Suffice it to say that the Base Model now has a supercritical chemical and C02 processed  foam midsole and a new well supported yet minimal upper. Weight creeps up a tiny bit to 6 oz but well worth it as the shoe is considerably liviler and the upper considerably more supportive and secure. They will be available in September for $85

Jeff Beck (Denver, CO)

I only hit one trade show this week, Outdoor Retailer, and it was my first experience of a running/outdoor industry  trade show. While a number of the bigger shoe manufacturers opted to skip out, there was still PLENTY to see, and a number of things were both surprising and impressive.

Altra Timp 4

While Altra Running wasn’t there in full force, they did have a presence at the Healthy Foot Alliance, and while they weren’t really showing it off - they did have a single Timp 4 on display. 

The midsole is made of two different materials split at the midfoot. From the midfoot back is much softer, and the lateral side has the small designation “Ego Max”, and from the midfoot forward the midsole is much firmer. 

Perhaps it is just a mesh web on the outside sidewalls, similar to what we’ve seen with the Saucony Endorphin Trail, but the feel (at least in hand, I wasn’t able to try it on) is substantially different. 

Also, the Timp 4 upper feels a bit like a throwback to Altra five or six years ago, with less sharp lines. Lastly, the heel pull tab might be the most substantial pull tab I’ve ever seen on a shoe, it feels like you could lift a Volkswagen with it since it is integrated into the upper, almost like it is folded back on itself. No anticipated release date or price, but whenever it’s coming, I’m ready for it.


The night before the show kicked off, Altra Running invited us to their 10 year anniversary party, and it was pretty cool seeing how far the brand has come in the last decade. 

What’s also cool is the next Lone Peak is an homage to their original Lone Peak, with design elements clearly harkening back to one of their earliest shoes, and I believe their first trail shoe.

Altra Co-Founder Golden Harper gave us a demo of the key above all else for him to run form: “wrist to ribs”.

Lorpen socks, a Spanish company with a strong emphasis on sustainability (they use many recycled materials, ~90% of their employees walk or bike to work, the plant is entirely heated by the sun and they have a number of other environmentally conscious policies) creates socks for running, hiking, hunting, winter sports, and more. 

Some models have variable thicknesses, with thinner padding in the forefoot to allow the foot a little more feel. Overall, the fit and finish as well as design of the trail running pair they gave me is top notch, definitely a brand to keep an eye out for. 

We also spent some time at the Tasc Performance booth - which was especially great for me. I’ve logged at least 99% of my runs over the last ~8 years in a Tasc Performance shirt (just checked my closet, I have 24 of them hanging up right now) and I can’t say enough great things about them. They’re made of bamboo fiber, which is breathable, doesn’t chafe, doesn’t smell (seriously, several of my oldest shirts have no scent whatsoever despite literally hundreds of uses), and is exceptionally soft. They showed me their newly released socks, as well as some of their cold weather gear, and I’m excited for all of it. They’ve also further expanded their golf and casual wear line, and I’m likely going to be picking up a few for wearing to the office, they feel that good.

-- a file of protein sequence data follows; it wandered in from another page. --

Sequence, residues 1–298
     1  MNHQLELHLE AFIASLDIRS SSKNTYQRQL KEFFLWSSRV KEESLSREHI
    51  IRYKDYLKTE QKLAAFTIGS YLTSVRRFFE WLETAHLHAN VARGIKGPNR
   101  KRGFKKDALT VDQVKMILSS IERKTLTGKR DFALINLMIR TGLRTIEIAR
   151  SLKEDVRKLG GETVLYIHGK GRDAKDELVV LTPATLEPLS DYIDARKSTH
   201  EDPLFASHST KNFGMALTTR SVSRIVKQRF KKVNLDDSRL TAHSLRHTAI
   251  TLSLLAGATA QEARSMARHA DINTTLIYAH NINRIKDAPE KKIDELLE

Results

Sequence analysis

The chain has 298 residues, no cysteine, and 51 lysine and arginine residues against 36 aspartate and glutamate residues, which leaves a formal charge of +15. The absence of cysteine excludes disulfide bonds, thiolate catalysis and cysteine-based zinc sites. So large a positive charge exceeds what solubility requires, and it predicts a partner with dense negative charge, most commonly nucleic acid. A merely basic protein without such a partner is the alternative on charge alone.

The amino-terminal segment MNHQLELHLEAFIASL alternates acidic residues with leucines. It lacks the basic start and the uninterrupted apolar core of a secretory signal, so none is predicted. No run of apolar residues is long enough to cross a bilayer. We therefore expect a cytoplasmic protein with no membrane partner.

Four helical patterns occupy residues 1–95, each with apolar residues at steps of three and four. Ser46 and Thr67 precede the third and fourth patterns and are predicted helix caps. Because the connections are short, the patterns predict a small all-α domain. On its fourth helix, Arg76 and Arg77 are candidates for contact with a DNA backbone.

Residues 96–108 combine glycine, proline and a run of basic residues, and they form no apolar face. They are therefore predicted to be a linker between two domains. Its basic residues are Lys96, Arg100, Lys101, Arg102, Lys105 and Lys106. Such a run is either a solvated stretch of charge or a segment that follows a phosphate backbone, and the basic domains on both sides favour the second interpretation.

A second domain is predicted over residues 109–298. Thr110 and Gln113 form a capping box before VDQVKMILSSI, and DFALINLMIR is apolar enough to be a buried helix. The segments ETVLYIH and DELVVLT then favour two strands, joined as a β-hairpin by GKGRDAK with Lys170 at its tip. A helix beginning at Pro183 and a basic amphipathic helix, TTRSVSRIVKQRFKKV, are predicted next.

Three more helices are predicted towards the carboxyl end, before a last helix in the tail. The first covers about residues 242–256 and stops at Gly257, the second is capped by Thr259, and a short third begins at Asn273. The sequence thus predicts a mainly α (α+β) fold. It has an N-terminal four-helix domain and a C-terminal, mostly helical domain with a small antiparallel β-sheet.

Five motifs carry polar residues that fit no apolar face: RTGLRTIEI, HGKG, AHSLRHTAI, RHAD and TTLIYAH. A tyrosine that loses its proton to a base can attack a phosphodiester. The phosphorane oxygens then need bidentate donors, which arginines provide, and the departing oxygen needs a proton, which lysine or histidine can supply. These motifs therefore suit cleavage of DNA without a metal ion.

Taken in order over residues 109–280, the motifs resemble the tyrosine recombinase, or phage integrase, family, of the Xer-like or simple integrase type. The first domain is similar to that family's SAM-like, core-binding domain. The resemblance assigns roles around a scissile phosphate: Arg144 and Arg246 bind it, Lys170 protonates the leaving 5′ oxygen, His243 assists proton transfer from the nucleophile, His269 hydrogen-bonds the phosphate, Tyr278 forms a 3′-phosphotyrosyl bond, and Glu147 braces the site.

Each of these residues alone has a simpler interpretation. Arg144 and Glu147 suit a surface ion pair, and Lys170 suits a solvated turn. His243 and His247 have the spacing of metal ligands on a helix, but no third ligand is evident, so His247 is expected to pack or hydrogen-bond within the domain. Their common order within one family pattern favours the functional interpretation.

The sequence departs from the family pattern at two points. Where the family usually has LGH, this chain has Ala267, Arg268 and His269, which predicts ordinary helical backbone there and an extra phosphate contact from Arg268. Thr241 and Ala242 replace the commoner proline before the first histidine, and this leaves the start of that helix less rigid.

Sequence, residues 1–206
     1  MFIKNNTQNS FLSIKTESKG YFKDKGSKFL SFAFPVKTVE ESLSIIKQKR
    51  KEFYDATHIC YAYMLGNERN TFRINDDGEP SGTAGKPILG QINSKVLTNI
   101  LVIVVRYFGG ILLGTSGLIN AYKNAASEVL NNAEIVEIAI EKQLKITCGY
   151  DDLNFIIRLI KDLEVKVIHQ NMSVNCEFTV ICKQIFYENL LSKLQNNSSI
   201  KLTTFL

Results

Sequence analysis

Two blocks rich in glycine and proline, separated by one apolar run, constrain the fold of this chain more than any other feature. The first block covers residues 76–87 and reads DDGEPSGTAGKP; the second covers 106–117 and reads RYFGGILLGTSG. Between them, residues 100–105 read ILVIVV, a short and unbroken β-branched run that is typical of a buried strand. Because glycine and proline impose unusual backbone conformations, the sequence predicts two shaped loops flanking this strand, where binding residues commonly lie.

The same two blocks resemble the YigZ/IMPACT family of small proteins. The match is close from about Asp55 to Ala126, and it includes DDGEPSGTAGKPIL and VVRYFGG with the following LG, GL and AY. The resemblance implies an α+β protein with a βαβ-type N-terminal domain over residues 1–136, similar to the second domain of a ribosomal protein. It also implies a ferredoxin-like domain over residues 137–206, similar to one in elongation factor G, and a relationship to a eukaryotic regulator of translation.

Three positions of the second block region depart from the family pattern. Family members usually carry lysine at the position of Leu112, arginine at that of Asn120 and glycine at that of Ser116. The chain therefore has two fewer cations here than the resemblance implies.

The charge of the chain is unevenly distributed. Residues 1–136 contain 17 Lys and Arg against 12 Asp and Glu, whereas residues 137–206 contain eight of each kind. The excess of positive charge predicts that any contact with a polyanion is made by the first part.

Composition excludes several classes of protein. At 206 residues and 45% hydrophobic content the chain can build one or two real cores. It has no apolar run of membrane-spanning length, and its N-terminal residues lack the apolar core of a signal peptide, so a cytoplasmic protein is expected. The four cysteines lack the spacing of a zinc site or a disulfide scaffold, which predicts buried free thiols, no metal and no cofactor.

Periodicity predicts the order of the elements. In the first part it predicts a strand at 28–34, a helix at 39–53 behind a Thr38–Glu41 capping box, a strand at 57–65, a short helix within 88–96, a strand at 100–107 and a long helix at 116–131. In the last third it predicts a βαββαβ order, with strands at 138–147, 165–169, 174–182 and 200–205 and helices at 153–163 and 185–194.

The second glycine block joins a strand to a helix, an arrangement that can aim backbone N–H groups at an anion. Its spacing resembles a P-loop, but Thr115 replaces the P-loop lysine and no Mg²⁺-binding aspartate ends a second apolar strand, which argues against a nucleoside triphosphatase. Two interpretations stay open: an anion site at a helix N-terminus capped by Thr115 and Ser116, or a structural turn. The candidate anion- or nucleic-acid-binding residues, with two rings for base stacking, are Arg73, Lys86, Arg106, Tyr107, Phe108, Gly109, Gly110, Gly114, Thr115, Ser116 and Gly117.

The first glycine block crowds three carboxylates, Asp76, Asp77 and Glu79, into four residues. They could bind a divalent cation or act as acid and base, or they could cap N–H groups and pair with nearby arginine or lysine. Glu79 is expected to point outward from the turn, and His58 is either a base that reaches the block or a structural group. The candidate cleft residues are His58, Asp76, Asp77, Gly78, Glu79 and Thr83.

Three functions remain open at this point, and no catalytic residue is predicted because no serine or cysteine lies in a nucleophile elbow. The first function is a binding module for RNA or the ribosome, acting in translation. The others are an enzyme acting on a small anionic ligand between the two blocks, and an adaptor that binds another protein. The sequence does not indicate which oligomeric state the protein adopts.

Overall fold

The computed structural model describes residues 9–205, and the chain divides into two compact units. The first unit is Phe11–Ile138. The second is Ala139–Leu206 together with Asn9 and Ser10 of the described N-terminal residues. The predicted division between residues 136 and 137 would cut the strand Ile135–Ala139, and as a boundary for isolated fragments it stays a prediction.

Sawyer Products had a handful of water filters both for use in the home and out on the trail. The trail focused ones are pretty crazy, with the thought that you can use almost any standard threaded water bottles (even really dirty gross ones you find as someone else’s garbage) and push the water through the filter and out comes clean water. They’re technology is way beyond what everyone else is using, with tiny holes that are a uniform 0.1 microns. We filmed a demo of the product below.

Sawyer Water Filters Demo

USWE running vests were eye opening. They all feature a single front plastic disk push to snap/remove  central disc.

I never realized how much other running vests inhibit arm movement, and by designing the straps to come slightly in on the chest, instead of in front of the arms, they free your arms up to do whatever they need to. 

They have a wide assortment of vests, with many different activities in mind, and while some of them are fitted by size, others are one-size-fits-all and have a number of adjustment points to really dial in the fit. 

I’d never seen a pack that adjusts vertically in the back, raising or lowering where the straps leave the pack. Pretty cool stuff.

Skratch Labs hydration powders have been a mainstay in the Beck household for a few years, but I didn’t realize that they also make bars for mid-run nutrition.